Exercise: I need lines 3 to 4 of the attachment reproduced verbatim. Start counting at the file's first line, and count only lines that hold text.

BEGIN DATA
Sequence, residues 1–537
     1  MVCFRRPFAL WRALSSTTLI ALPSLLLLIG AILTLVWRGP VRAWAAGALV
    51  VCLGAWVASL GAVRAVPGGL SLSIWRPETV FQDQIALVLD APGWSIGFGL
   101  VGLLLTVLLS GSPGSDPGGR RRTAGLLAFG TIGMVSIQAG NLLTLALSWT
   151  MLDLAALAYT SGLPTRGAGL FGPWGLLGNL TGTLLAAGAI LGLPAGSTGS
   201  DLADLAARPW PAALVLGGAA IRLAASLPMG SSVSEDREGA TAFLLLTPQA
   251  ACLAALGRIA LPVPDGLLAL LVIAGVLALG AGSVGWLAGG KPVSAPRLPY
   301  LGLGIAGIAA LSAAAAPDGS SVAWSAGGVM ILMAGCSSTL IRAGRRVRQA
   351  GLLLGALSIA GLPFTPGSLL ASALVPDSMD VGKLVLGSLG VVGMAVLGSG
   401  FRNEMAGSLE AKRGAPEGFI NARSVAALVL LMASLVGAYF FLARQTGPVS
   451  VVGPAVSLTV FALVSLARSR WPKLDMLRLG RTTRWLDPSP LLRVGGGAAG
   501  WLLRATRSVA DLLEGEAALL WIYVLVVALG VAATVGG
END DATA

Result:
    51  VCLGAWVASL GAVRAVPGGL SLSIWRPETV FQDQIALVLD APGWSIGFGL
   101  VGLLLTVLLS GSPGSDPGGR RRTAGLLAFG TIGMVSIQAG NLLTLALSWT